Overcoming the presumption will likely be difficult given the many variables in tracing how and where a worker has been exposed to the virus and obtaining evidence to disprove the worker’s claim.  Further, employers and insurers will likely challenge the executive order  due to the difficulty of proving that the employee contracted the coronavirus elsewhere.  How is the employer supposed to establish this?  Can the employer demand to know everyone the employee came into contact with outside of work and if those people were contagious?  Can the employer go even further and inquire where the employee has been? And on and on down the line  In short, there are a myriad of open issues and no guidance as of yet.

Are independent contractors eligible for workers compensation and unemployment compensation?

In California, workers compensation and unemployment compensation are typically only available to employees.  However, workers who believe they were misclassified under recently enacted AB-5, and applicable case law, may be eligible for both of these benefits.  To learn more about misclassification under AB-5, check out “The Fight For Clarity On Calif. Worker Classification Law.”

Additionally, independent contractors who have voluntarily contributed to unemployment insurance Elective Coverage and made the required contributions or had a past employer contribute to the unemployment insurance fund on their behalf in the past 18 months, may also qualify for unemployment compensation.  Further, the Pandemic Unemployment Assistance (“PUA”) program of the CARES Act gives states the unprecedented option of extending unemployment compensation to independent contractors and other workers who are ordinarily ineligible.  On April 28, 2020, California’s Employment Development Department (“EDD”) followed suit and expanded the availability of unemployment compensation via the federal PUA program to business owners, self-employed individuals, independent contractors, and gig economy workers.

What happens to workers who are receiving unemployment compensation and do not feel comfortable returning to work as businesses begin to reopen?

Workers who opt not to return to their positions when their employers reopen amid the COVID-19 pandemic will likely not remain eligible for unemployment compensation.  Generally, individuals receiving regular unemployment compensation must act upon any referral to, and accept any offer of, suitable employment.  A request that a furloughed employee return to his or her job very likely constitutes an offer of suitable employment.

Specifically, the U.S. Department of Labor outlines the conditions an individual has to meet to refuse to return to work in order to remain eligible for PUA, as provided by the CARES Act. The list includes (i) a COVID-19 diagnosis, restrictions due to childcare availability, (ii) caring for an ill family member, or (iii) health “complications that render the individual objectively unable to perform his or her essential job functions, with or without a reasonable accommodation” as a result of having recovered from COVID-19. However, voluntarily deciding to not return to work out of a general concern about exposure to COVID-19 is likely tantamount to the employee having quit and will likely eliminate PUA eligibility.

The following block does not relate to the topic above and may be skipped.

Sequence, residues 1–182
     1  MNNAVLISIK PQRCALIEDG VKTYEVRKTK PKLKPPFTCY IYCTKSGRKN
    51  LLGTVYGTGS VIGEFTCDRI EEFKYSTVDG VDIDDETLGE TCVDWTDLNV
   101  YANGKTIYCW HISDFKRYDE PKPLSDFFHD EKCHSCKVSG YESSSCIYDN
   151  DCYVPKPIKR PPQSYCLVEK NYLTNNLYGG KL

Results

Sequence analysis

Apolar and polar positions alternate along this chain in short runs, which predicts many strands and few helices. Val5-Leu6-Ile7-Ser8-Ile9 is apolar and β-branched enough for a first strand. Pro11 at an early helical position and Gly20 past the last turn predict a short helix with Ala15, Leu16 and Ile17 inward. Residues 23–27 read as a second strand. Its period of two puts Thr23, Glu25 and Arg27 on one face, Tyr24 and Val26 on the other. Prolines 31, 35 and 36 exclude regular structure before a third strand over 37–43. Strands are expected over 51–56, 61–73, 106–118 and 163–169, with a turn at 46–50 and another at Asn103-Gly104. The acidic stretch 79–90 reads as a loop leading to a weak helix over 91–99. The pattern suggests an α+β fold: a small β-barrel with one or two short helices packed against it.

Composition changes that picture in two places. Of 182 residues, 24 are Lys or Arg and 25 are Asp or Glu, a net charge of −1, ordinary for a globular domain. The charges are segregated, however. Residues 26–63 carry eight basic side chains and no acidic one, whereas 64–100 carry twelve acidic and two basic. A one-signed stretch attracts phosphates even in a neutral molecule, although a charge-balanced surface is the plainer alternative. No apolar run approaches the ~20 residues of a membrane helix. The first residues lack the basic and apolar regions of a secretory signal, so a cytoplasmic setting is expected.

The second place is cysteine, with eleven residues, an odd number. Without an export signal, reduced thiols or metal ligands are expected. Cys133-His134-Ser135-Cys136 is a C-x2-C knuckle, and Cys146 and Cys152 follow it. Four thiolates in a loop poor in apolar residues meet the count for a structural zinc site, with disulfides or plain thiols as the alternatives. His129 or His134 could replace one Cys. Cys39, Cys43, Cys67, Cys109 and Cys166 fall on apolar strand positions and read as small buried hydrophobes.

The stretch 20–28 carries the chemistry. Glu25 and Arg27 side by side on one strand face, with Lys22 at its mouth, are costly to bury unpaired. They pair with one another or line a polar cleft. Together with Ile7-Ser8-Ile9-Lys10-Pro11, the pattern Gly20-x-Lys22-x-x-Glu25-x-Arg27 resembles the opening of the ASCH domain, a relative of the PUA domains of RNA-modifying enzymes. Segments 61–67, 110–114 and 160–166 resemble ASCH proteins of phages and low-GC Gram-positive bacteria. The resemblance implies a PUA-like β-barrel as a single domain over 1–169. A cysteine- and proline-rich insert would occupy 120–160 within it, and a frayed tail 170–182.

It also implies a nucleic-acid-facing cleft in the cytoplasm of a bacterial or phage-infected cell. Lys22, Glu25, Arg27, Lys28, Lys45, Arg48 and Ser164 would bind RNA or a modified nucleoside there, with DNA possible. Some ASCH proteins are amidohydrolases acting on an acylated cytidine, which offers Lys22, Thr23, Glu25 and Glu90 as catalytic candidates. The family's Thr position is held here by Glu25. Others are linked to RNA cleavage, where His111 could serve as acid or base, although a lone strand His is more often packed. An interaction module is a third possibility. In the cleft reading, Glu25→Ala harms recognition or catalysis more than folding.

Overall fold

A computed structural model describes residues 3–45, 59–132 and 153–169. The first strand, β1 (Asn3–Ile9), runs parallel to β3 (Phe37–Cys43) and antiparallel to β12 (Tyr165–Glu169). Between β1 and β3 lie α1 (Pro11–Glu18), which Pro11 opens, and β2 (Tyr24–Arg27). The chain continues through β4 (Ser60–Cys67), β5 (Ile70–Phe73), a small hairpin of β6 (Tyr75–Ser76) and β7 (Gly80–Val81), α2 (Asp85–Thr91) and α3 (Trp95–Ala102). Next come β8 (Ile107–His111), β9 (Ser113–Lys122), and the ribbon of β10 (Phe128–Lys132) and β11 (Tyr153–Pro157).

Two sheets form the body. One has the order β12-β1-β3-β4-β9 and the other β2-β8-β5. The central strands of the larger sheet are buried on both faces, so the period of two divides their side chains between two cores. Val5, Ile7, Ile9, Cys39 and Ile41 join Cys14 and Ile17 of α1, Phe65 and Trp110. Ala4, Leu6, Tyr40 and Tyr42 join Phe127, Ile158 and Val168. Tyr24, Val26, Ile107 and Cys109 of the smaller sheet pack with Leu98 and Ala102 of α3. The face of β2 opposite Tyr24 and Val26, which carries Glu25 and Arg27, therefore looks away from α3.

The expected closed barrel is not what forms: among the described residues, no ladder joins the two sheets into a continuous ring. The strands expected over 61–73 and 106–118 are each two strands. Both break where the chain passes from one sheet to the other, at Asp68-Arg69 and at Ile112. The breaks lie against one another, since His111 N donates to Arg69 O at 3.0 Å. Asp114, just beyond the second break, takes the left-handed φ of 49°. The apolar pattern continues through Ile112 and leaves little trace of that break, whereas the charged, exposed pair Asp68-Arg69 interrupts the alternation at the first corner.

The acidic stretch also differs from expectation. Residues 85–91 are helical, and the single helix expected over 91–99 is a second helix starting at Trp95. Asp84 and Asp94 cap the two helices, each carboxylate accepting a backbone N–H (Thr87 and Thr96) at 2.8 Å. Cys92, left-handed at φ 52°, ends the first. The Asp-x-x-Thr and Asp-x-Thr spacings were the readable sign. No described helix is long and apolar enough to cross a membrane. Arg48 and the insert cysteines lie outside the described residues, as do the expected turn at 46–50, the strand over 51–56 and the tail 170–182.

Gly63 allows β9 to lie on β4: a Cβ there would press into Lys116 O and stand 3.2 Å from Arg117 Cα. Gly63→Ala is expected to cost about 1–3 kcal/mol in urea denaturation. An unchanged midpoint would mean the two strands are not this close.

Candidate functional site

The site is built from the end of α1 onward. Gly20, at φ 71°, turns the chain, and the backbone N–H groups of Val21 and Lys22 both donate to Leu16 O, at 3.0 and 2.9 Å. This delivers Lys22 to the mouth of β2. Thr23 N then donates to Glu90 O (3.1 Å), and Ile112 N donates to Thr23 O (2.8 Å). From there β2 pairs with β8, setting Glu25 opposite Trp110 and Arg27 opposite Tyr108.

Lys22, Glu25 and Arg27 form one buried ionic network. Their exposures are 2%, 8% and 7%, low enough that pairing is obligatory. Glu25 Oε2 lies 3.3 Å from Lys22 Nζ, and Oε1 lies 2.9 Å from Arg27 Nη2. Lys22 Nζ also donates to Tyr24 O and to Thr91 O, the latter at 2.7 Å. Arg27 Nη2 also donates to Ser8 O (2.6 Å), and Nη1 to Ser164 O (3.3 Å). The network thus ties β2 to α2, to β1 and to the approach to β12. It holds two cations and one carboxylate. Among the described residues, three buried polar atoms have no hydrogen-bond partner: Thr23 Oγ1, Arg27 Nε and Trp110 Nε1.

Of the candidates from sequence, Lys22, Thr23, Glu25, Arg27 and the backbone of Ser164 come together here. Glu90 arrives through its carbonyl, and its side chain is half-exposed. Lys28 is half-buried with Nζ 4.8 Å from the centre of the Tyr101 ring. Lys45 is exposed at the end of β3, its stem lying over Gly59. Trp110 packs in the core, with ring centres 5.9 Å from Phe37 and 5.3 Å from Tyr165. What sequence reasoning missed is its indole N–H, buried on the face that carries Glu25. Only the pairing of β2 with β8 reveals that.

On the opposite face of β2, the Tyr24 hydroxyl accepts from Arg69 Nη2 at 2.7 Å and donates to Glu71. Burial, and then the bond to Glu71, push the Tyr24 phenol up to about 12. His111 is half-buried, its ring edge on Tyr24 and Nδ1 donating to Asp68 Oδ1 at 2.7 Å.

The EDD similarly requires applicants to be “able, available, and actively seeking work” to collect unemployment benefits.  Accordingly, a worker’s decision to not return to work out of general health concerns related to COVID-19 would likely not satisfy this requirement. If, however, a worker declines to return given their underlying health conditions and thus an increased chance of significant illness if exposed to COVID-19, then the worker may be entitled to maintain unemployment compensation subject to the EDD’s discretion.

What if an employer offers a different position to a furloughed employee?

What if an employer offers a temporarily furloughed employee who is receiving unemployment compensation an otherwise similar role that provides, for example, hourly wages instead of the employee’s previous salaried compensation?  Will this be considered “suitable work,” and would the adjusted compensation create “good cause” to refuse this position”?  More generally, if the employer changes the terms of the employment – at what point does it constitute good cause to voluntarily quit and be eligible for unemployment compensation?

Whether an employee has good cause to not return to work or quit and be eligible for unemployment compensation is determined on a case-by-case basis and the burden of proving eligibility is on the claimant.  The EDD provides the following framework in determining whether good cause exists for the claimant to have voluntarily quit and remain eligible for unemployment compensation:

“Once the claimant’s reasons for leaving are determined, the interviewer must apply a three-part test to determine the presence of ‘good cause’: (1) Is the reason for leaving ‘real, substantial, and compelling’? (2) Would that reason cause a ‘reasonable person,’ genuinely desirous of working, to leave work under the same circumstances? (3) Did the claimant fail to attempt to preserve the employment relationship, thereby negating any ‘good cause’ he/she might have had in leaving?… ‘Compelling,’ in this sense merely means that the claimant’s reasons for quitting exerted so much pressure that it would have been unreasonable to expect him or her to remain with the employment. The ‘pressures’ exerted upon the claimant may be physical (as with health), moral, legal, domestic, economic, etc.”